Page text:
Mit Südkorea schliesst sich ein weiterer amerikanischer Verbündeter der von China initiierten neuen Entwicklungsbank in Asien an. Die Regierung in Seoul verspricht sich davon mehr Einfluss in der Region, aber auch mehr Aufträge für koreanische Unternehmen.

Nikolaus Jilch: USA isolieren sich: China mischt die Weltordnung auf (Presse)

Die Welt hat eine neue Abkürzung: AIIB. Die Asiatische Infrastruktur-Bank, vor zwei Jahren vom chinesischen Präsidenten, Xi Jinping, vorgeschlagen, hat sich für China zu einem erstaunlichen Erfolg entwickelt. Wenn Dienstag die Deadline für die Anmeldung zu dieser neuen Kreditinstitution ausläuft, werden mindestens 44 Nationen dabei sein – möglicherweise sogar mehr, wenn noch ein paar Spätentschlossene dazukommen.

Deutschland als Gründungsanwärter für die AIIB genehmigt (
András Szigetvari: Lockruf aus China für Österreich unwiderstehlich (Standard)
Thomas Fuster: Die Schweiz will in die AIIB (Neue Zürcher Zeitung)
Thomas Fuster: Amerikas einsamer Kampf in China (Neue Zürcher Zeitung)

Den USA ist die AIIB ein Dorn im Auge. Vordergründig wird dies mit Bedenken gegenüber den Standards bei der Entwicklungsfinanzierung begründet, zumal eine von China orchestrierte Bank bezüglich Good Governance oder Umweltschutz kaum allzu penibel auftreten dürfte. Letztlich geht es aber vor allem um die Wahrung politischer Interessen: Weder eine schleichende Verdrängung der Weltbank und ADB noch die stete Ausdehnung von Chinas Einflusssphären liegen im Interesse Washingtons. Der Appell zu kritischer Distanz gegenüber dem neuen Prestigeprojekt von Pekings Machthabern stösst bei Amerikas Verbündeten aber auf taube Ohren. So will sich nicht nur Grossbritannien der AIIB anschliessen; laut Medienberichten planen auch Frankreich, Deutschland und Italien den Schritt.

Felix Lee: Angst vor Dominanz Chinas (Neue Zürcher Zeitung)

AP: US Navy: Beijing creating a ‚great wall of sand‘ in South China Sea (Guardian)

Admiral Harry Harris Jr told a naval conference in Australia that competing territorial claims by several nations in the South China Sea are “increasing regional tensions and the potential for miscalculation”.
“But what’s really drawing a lot of concern in the here and now is the unprecedented land reclamation currently being conducted by China,” he said.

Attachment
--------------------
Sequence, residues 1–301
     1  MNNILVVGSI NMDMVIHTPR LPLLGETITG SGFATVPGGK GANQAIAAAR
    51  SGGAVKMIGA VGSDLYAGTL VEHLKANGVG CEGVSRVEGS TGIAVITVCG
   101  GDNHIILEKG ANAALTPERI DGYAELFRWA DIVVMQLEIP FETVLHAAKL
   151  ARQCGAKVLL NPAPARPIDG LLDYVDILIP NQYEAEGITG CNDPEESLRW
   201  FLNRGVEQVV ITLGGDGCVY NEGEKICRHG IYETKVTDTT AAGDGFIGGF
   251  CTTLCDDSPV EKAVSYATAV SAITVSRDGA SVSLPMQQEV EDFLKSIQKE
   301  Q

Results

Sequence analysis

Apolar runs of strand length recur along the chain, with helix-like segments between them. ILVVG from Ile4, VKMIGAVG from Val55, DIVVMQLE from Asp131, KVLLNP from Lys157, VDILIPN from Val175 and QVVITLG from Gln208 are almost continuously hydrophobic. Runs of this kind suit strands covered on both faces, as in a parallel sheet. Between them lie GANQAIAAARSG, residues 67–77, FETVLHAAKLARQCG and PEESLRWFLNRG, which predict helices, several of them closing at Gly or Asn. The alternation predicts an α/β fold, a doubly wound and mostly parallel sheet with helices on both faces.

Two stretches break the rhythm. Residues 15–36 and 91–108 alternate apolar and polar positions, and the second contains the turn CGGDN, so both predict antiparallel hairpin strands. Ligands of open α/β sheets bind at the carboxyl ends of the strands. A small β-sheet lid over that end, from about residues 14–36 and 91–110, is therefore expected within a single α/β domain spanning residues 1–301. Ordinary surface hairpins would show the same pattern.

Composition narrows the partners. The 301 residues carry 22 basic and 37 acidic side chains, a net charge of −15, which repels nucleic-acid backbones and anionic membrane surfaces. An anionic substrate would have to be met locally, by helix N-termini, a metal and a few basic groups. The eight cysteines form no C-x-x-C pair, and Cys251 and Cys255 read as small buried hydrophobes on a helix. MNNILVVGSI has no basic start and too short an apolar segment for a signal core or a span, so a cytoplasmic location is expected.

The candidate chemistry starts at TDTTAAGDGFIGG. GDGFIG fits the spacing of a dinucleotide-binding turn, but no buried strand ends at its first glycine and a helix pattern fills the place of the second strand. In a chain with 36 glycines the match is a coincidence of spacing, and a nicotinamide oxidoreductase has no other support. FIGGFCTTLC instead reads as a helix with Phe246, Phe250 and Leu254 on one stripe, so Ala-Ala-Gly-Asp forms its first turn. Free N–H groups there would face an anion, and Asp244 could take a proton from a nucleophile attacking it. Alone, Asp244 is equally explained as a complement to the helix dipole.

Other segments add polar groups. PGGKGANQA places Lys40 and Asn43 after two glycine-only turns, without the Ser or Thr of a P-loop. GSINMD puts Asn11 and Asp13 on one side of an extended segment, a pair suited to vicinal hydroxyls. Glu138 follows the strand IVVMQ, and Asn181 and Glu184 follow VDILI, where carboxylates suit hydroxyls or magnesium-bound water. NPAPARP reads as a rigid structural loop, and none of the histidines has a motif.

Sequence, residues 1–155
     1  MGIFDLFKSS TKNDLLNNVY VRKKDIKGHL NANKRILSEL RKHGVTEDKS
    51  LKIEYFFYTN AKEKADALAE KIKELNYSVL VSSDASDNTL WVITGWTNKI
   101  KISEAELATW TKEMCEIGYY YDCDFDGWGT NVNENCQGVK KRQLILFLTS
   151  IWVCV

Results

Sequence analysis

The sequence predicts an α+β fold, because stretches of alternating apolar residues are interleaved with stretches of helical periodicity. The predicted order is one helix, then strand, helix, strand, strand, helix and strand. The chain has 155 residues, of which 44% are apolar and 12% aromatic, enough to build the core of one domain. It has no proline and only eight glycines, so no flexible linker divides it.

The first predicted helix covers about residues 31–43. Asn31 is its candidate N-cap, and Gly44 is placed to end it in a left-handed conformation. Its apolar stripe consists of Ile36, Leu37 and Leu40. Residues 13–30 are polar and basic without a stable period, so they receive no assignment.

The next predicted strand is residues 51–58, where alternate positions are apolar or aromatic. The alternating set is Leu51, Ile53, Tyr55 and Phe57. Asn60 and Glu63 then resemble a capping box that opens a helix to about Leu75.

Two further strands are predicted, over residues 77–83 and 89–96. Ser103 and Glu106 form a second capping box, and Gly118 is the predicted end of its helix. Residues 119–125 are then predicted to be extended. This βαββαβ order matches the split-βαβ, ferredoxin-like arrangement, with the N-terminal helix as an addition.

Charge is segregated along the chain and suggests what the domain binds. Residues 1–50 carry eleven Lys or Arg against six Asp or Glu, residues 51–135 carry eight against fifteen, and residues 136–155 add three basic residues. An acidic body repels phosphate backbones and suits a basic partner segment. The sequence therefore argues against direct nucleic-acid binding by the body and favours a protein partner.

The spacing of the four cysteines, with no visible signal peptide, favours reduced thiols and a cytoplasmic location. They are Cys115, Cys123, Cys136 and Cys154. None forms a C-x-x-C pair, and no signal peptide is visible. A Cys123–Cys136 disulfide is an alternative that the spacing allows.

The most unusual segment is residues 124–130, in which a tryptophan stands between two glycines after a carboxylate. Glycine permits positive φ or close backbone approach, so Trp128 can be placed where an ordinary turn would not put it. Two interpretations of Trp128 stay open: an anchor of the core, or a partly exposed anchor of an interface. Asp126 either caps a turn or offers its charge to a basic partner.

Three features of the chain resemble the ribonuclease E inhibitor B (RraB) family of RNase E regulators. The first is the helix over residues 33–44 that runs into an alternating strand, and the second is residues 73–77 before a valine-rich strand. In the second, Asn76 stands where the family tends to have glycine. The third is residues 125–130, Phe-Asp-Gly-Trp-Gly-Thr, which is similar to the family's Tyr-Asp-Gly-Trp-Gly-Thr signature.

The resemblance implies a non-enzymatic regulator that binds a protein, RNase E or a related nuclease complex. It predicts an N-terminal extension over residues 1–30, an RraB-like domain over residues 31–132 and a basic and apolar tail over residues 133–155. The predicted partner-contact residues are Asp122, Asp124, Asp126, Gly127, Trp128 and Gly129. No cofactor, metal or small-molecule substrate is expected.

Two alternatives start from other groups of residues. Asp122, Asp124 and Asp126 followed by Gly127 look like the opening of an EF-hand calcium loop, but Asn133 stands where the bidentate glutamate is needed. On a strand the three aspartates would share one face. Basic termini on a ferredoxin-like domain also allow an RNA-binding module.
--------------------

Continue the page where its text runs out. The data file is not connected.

“China is building artificial land by pumping sand on to live coral reefs – some of them submerged – and paving over them with concrete. China has now created over 4 square kilometers (1.5 square miles) of artificial landmass,” he said.

Echo Hui, Heather Timmons: Workers at China’s largest athletic shoe maker are poised for another historic strike (Quartz)
Manfred Elfstrom: Whither China’s New Worker Militancy? (China Policy Institute)
China’s ageing construction workers and the urgent need for an industry overhaul (China Labour Bulletin)

In the 1980s and 90s, millions of young labourers from the Chinese countryside flooded into the cities to work on construction sites; building roads, bridges, airports, residential and commercial properties, as well as ostentatious new government offices.
During the 2000s, as population growth slowed, fewer and fewer young workers followed and soon the average age of construction workers started to climb. Today, it is virtually impossible to find anyone younger than 30 working on the construction sites of major cities. On some work sites in Shenzhen, for example, more than 90 percent of the workers are reportedly over 50-years-old.

Ian Talley: China Is “One of the Most Unequal Countries in the World,” IMF Paper Says (Wall Street Journal)

Although per-capita income has grown and the number of people living on less than a $1.25 a day has plummeted, income inequality has skyrocketed, the economists said. The top quintile of earners now pull in nearly half of total income while the poorest quintile of earners account for under 5%.
“China’s widening income inequality is largely a reflection of faster income growth among the rich, rather than stagnant living standards among the poor.”

The devil, or Mr Wang [Qishan] (Economist)